I am posting this here as I do not want this to turn into a troll war. Now that the disclaimer is out of the way, I would like to discuss Maeda's Jiujitsu as compared to the Gracie system. Also, I am not considering modern sport BJJ but specifically speaking of Maeda's Jiujitsu as it relates to Gracie Jiujitsu. What was it that made the Gracie system unique from that which they learned from their Sensei, Maeda?Opinions please.
According to Renzo Gracie and John Danaher's book, Mastering Jujutsu:
Maeda's background was in classical Tenshin Shin'yo jujutsu and (more importantly) Kodokan judo. His kodokan judo was going through a "ne-waza revolution" in which groundwork was thrust to the forefront of training.
Maeda was a veteran of challenge matches under various rules against boxers, catch-as-catch-can wrestlers and other fighters by the time he began training the Gracie family in the 1920s. These were done with and without the jacket.
The character of Maeda's day-to-day training with Carlos (et al) is unclear. Everyone involved has long since passed away, and left no record of the period.
Gracie & Danaher credit Maeda with establishing the fundamantals of jiu-jitsu. They mention that several pictures exist of Maeda training without the jacket,in positions that appear to be more influenced by catch as catch can wrestling than classical judo/jujutsu.
The Brazilians continued to develop the art through "years of research and hard fought experience" by establishing a "hierarchy of positions". If you've ever trained BJJ, you know that the idea is to establish a dominant position in order to attempt a submission hold. This is reflected by the points system in sport BJJ.
Helio Gracie, who never trained under Maeda, takes (more or less) sole credit for the development of BJJ's efficacy in an interview at http://www.geocities.com/global_training_report/helio2.htm
"I adapted the jiu-jitsu to my characteristics. I was weak and awkward, light [with 1,75 meters of height, and never passing more than 63 kilos (138.6 lbs.)]. I could not manage to do what my brother [Carlos] did, because his jiu-jitsu depended on strength and ability. I had neither the one nor the other of those. Then I made that which is known today. I perfected the flawed technique of my brother on behalf of weaker people, using the principles of physics, like force and the leverage. You, for example, can not lift a car with the strength of your two arms, but with a jack you can lift a car. That's what I did. I discovered techniques of leverage that optimize the force. These modifications made a form of jiu-jitsu that is superior to the jiu-jitsu that existed before that, and today the jiu-jitsu that the entire world knows is my jiu-jitsu."
"Who today would want to fly in an airplane of Santos-Dumont? Or who would want to ride in a Ford made in 1930? What I mean is that I didn't invent jiu-jitsu. But I took a piece of junk like a Santos-Dumont airplane. You're not going to fly from here to that corner in that. There is no jiu-jitsu that invented; I just improved it.."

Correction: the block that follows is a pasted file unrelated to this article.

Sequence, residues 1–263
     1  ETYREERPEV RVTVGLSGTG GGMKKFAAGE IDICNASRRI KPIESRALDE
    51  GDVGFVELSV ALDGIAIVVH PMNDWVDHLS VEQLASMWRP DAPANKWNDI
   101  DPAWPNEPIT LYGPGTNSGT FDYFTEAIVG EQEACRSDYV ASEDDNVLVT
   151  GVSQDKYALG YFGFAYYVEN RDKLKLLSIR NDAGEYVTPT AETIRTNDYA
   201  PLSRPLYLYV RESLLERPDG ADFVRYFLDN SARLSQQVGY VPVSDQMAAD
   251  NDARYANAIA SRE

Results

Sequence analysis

Maeda was a Judo guy that spent time in Europe first and then later two years in the US touring with Wrestlers, before he went to Brazil. His only two losses came to CACC wrestlers in Europe. It is correct to say that nobodt really knows what he was teaching by the time he got to Brazil, but surely is was some combination of these arts. I have a history of Maeda that I will post next. He was a Judo student at the time that Newaza was being incorporated into Judo.
After having several of his top students become newaza experts, Kano thought it a good idea to use this type of Judo in the school system. As the matches ended in submission instead of serious injury, it would be seen more in a sportive way. So in 1914 he organized the All Japan High School championships at Kyoto Imperial University. He called this sportive style Kosen. By 1925 so much emphasis was on newaza - because of its success in contest that Kano had to make some new Judo rules limiting the amount of time the Judoka could stay on the ground. This "Kosen Rule" continued into the 1940's, stating Shiai had to be 70% standing and 30% ground fighting. This led to an early split in the Kodokan Judo movement. Many of those Judoka whom Kano had set to master newaza, had spent time inventing new series of movements, escapes, and submissions. They and their students were now dominating even the Kodokan contests. There was so much negativity with this, that Kano sent many of them abroad to teach Judo elsewhere. He was very aware that they would not be easily defeated no matter where they went, and he also smartly removed the challenge they presented in Japan. Some of the known Kosen Judoka were Yamashita, Hirata, Tomita, Yokoyama and Maeda.